By Catholic News Service
BUJUMBURA, Burundi (CNS) — A week before the parliamentary round of Burundi’s elections, the Catholic bishops announced they had withdrawn permission for several priests who were serving in posts on the national electoral council.
The electoral campaign has been marred by violence triggered by the announcement in April that President Pierre Nkurunziza will run for a third term in the June presidential elections. His supporters say he became president under a 2005 peace deal brokered by the international community and that his first term, which ended in 2010, does not count. Article 96 of Burundi’s constitution says the president is elected by universal direct suffrage for a mandate of five years, renewable one time.
Citing canon law, which bans priests from participating in political activities, in a May 26 statement, the bishops explained that they had drawn up a special agreement with the National Independent Electoral Council giving special dispensation for some priests to participate in its work. But after in-depth analysis of the current situation, the bishops have withdrawn the special dispensation.
“After having considered the way in which these elections are organized, and current developments, and taking into account the mission of priests, which is to reconcile people and bring them together in unity … we have concluded that it would be better for the priests to resign and for the elections to be organized by others,” the statement read.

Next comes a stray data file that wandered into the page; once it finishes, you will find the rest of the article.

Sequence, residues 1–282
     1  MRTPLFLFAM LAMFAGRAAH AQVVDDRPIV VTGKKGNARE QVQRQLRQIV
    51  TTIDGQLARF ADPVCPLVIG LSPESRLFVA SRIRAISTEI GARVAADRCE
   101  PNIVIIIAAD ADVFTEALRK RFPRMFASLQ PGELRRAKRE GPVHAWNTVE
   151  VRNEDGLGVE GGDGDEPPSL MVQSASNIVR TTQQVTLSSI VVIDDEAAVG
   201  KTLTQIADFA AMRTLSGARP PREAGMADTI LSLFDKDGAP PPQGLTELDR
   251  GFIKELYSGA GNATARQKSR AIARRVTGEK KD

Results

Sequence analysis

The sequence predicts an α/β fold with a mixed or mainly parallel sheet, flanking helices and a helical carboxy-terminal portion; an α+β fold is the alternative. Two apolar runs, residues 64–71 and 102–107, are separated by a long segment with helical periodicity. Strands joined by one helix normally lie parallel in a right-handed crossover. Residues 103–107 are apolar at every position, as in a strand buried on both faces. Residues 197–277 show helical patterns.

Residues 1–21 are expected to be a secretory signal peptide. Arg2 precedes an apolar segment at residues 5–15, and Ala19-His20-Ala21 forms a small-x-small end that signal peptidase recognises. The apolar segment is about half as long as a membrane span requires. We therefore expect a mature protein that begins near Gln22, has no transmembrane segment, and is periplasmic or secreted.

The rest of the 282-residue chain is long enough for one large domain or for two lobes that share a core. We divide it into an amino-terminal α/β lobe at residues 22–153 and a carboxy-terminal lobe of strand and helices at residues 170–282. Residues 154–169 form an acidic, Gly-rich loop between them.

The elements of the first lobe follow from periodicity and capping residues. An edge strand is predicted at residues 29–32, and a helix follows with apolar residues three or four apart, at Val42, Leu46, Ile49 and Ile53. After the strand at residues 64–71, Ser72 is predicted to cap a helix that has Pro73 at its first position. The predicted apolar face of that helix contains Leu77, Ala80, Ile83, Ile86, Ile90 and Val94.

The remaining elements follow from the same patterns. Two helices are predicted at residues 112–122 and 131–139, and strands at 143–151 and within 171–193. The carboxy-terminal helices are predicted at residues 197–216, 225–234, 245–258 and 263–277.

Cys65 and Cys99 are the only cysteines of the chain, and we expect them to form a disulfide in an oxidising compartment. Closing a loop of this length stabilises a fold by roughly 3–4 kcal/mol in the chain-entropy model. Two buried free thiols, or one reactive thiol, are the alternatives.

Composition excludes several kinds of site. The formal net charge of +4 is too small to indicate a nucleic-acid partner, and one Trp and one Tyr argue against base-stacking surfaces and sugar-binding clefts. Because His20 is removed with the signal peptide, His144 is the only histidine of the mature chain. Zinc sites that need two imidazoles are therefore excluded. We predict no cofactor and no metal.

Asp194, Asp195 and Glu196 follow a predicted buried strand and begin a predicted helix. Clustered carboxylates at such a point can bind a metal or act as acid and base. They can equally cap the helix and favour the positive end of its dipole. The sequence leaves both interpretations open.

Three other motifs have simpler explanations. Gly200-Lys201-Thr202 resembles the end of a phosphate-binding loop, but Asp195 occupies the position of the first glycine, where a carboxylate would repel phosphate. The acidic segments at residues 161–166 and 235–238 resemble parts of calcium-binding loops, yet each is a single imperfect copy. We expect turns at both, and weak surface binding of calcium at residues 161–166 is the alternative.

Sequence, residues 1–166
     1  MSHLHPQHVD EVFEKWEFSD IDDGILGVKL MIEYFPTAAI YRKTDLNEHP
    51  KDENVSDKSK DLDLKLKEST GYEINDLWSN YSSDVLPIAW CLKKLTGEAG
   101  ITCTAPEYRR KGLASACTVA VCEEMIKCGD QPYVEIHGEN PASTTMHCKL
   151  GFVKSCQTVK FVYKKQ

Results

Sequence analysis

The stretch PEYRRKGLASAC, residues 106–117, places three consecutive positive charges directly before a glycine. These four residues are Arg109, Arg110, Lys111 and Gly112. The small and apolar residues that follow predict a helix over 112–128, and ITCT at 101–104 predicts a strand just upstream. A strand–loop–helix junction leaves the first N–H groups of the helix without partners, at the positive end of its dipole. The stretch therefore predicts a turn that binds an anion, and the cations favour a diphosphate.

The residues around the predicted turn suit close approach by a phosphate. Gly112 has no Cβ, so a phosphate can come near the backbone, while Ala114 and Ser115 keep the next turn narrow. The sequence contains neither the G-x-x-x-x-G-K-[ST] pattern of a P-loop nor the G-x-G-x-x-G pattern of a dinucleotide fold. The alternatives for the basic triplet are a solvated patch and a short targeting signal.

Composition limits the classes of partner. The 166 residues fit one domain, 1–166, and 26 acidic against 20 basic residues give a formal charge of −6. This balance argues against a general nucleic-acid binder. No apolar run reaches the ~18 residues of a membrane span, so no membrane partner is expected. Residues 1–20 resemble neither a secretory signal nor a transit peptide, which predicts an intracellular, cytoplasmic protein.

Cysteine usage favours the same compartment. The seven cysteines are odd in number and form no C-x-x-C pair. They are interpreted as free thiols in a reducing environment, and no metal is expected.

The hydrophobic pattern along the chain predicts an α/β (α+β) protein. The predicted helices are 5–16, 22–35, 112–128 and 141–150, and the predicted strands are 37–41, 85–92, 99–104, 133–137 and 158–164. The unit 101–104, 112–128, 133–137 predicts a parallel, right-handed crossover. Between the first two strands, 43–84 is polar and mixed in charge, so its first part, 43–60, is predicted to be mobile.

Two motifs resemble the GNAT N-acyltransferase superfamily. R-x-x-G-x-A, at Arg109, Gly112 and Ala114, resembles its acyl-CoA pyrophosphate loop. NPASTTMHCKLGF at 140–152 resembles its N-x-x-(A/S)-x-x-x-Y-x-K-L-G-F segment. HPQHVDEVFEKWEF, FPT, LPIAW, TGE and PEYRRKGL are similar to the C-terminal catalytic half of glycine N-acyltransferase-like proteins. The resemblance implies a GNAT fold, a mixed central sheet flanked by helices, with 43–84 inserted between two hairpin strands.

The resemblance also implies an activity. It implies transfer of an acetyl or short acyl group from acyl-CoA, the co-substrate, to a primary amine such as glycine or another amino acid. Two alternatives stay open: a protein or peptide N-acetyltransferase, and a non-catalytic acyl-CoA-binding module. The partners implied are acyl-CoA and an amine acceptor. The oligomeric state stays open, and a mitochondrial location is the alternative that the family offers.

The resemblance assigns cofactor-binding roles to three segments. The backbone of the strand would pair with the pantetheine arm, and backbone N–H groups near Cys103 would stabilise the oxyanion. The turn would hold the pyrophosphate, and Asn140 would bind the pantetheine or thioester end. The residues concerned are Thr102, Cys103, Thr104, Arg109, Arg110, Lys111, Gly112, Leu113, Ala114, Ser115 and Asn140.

As the June 5 parliamentary elections approached, with the presidential polls scheduled for June 26, the political crisis deepened, as Burundians continued to flood into neighbouring countries, fearing more violence. The parliamentary polls looked increasingly uncertain when, three days after the bishops’ statement, international news agencies reported that the electoral commission’s vice president, Spes Caritas Ndironkeye, left the country, leaving a resignation letter.
In their statement, the bishops said that despite the difficulties surrounding the current elections, Catholics should still vote, and that lay observers would be deployed by the justice and peace commission to observe the elections.
“Elections are the only good way to renew institutions in the democratic system we have chosen. … We call on you, our Christians, to carry out your citizen’s duty to vote … vote in a responsible manner, respecting the conscience that God has given you, listening to his Holy Spirit and putting first the well-being and interests of all.”